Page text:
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Declassified U-2 spy plane photos are helping archaeologists uncover ancient sites

The images offer a vast trove of information about ancient villages and agricultural sites.
Image: An aerial shot of Aleppo, Syria, taken by a U-2 spy plane in 1959.
This aerial photo of Aleppo, Syria, was taken by a U-2 spy plane in 1959.Emily Hammer and Jason Ur

The Cold War may be over, but spy photos from the era are now a hot commodity with archaeologists.

During the 1950s and the 1960s, American U-2 spy planes flying top-secret missions over the Middle East, Eastern Europe and the Soviet Union snapped countless high-resolution photographs of military installations on the ground below.

But the photos, which were declassified in 1997, contain a vast trove of visual information about ancient villages and agricultural structures — including some in places that are now too dangerous to visit in person and others that may have been destroyed in recent decades.

“The planes were flying over these areas of intelligence and geopolitical interest — things like airfields in the middle of nowhere in Syria,” said Emily Hammer, an assistant professor of archaeology at the University of Pennsylvania. “But they passed over a lot of other places on their way to their main targets, and they had their cameras on while they were doing that.”

Image: Shots from the U-2 planes allow viewers to pinpoint individual reed huts in Iraq's Mesopotamian marshes in 1960.
Images captured by the U-2 planes show individual reed huts in Iraq's Mesopotamian marshes in 1960.Emily Hammer and Jason Ur

Hammer is co-author of a new study, published March 12 in the journal Advances in Archaeological Practice, that used the black-and-white images to get an unprecedented look at Bronze Age villages and 3,000-year-old irrigation canals in southern Iraq, and prehistoric walled structures known as "desert kites" that were used as hunting traps in eastern Jordan.

The photos taken by the U-2 spy planes capture objects on the ground with remarkable detail even though their cameras were routinely used at altitudes as high as 70,000 feet — almost twice as high as commercial airliners fly. “Cameras in the 1950s were just as good as they are now — they just weren’t digital,” Hammer said.

For their research, Hammer and her collaborator, Harvard anthropologist Jason Ur, cataloged photos from 11 separate U-2 photo reconnaissance missions over the Middle East during the 1950s and the 1960s. The photos were not indexed in any way, forcing the pair to unspool hundreds of feet of film, photograph them to create digital copies, and then carefully stitch the frames together to recreate the flight paths of the spy planes.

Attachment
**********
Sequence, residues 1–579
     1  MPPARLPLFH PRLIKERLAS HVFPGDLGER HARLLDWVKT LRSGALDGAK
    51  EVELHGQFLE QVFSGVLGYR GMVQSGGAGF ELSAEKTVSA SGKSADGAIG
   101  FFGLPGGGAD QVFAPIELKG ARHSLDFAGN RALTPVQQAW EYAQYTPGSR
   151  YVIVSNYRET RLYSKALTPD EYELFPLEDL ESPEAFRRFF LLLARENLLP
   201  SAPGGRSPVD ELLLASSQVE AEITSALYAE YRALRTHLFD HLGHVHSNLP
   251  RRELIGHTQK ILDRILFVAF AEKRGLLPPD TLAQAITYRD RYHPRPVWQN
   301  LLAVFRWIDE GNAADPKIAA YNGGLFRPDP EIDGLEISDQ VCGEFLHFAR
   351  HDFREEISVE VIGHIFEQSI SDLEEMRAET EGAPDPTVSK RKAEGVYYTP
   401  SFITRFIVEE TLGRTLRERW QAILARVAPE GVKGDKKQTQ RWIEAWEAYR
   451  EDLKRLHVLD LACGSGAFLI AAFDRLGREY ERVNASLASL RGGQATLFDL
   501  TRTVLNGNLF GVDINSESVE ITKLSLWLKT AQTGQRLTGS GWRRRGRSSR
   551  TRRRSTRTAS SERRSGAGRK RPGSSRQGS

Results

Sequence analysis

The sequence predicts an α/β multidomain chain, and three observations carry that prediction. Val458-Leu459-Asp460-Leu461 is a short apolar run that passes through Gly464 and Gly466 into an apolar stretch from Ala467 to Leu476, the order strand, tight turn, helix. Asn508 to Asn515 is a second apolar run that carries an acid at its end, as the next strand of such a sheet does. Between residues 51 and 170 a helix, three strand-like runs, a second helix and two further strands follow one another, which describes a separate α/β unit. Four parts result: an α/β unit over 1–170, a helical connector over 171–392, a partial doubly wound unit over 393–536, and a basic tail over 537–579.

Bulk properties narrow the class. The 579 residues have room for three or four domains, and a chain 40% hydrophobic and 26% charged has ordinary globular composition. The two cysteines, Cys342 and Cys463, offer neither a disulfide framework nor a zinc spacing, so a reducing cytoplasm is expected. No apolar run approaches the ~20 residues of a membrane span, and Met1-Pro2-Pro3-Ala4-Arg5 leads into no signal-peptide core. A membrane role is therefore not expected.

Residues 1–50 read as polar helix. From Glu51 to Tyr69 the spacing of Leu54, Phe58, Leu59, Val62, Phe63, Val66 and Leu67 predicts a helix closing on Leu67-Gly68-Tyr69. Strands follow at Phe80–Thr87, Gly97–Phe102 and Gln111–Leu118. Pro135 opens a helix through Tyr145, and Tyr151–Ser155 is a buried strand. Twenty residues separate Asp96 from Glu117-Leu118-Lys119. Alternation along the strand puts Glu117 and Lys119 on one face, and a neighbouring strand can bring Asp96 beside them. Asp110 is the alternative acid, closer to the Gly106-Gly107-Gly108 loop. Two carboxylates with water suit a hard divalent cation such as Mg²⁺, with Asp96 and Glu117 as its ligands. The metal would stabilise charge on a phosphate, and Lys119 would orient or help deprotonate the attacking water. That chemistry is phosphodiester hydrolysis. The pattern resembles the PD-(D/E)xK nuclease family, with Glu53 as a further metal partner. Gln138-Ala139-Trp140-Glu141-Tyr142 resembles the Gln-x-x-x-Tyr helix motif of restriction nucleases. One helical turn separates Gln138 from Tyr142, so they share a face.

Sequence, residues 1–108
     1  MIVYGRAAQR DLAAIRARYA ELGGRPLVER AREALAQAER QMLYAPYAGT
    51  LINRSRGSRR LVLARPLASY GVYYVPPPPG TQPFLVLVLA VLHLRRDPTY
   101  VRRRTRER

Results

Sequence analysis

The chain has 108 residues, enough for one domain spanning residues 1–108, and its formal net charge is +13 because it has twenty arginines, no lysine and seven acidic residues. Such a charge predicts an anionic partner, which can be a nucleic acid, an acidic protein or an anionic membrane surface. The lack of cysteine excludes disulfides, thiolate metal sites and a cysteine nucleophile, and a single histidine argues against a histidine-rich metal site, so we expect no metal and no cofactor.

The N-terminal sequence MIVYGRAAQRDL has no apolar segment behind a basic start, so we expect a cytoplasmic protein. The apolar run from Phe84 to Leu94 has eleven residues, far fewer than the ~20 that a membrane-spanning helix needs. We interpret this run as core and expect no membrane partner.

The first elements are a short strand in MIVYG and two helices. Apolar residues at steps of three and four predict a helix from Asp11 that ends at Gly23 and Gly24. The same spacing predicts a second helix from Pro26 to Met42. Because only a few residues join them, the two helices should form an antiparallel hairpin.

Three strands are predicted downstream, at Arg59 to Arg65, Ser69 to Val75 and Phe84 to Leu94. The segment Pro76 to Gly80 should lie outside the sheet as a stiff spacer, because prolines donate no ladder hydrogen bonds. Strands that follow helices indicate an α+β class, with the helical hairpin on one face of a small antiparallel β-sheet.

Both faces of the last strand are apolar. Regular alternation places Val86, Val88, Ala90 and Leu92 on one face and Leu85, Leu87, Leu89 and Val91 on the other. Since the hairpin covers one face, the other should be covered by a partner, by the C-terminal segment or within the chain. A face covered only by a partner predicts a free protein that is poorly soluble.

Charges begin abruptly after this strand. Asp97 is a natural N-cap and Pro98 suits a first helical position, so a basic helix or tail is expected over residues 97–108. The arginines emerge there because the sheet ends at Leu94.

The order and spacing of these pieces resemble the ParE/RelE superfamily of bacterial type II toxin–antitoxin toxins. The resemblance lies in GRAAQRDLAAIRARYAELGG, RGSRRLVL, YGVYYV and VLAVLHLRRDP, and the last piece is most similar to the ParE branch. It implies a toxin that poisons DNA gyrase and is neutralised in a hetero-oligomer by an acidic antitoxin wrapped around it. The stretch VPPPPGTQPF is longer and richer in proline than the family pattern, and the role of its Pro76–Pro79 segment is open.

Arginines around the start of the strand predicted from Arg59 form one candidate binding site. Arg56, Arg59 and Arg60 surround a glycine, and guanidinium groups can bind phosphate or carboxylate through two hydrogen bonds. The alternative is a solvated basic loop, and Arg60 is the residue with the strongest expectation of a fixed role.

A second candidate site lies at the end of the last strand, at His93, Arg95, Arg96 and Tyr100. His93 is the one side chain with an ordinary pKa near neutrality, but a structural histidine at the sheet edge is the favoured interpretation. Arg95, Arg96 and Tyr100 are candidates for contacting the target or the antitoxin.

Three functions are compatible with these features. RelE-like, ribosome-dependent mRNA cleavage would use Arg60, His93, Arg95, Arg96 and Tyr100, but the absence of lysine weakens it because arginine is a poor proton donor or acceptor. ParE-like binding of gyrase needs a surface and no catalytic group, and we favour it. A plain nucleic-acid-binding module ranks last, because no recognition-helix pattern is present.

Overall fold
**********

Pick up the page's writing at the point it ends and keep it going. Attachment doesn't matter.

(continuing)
Image: The U.S. Government flew a series of U-2 spy missions over the Middle East during the 1950s and 1960s.
The U-2 spy plane flew a series of missions over the Middle East during the 1950s and 1960s.Emily Hammer and Jason Ur

"There was no way to search by keyword or anything, much less figure out what photos might cover a particular area that you're interested in," Hammer said. "We built a spatial index where people can go to a place on a map and see if a U-2 plane flew over this area, and see if its cameras were on at the time and if it took pictures, and the date of those pictures."

And there may be plenty more U-2 photos for archaeologists to pore over.

“For every chunk of material that has been declassified, there is more out there that has not been declassified or has not been thoroughly examined,” said Michael Harrower, an archaeologist at Johns Hopkins University who wasn’t involved in the new study. “There may very well be lots of new things to discover in that archive.”

In addition to studying ancient sites, Hammer hopes the U-2 archive will be useful for people who are monitoring archaeological sites in conflict zones, particularly in places that have suffered destruction in recent decades.

“What we see in these photographs is no longer there, which is the case with archaeological sites, but more critically and more tragically, these images preserve a record of a place like Aleppo that has been completely destroyed just in the last 10 years by the Syrian civil war,” Hammer said. “So it’s not just about the deep past, but it’s also about accessing something that was very recently there but is no longer.”

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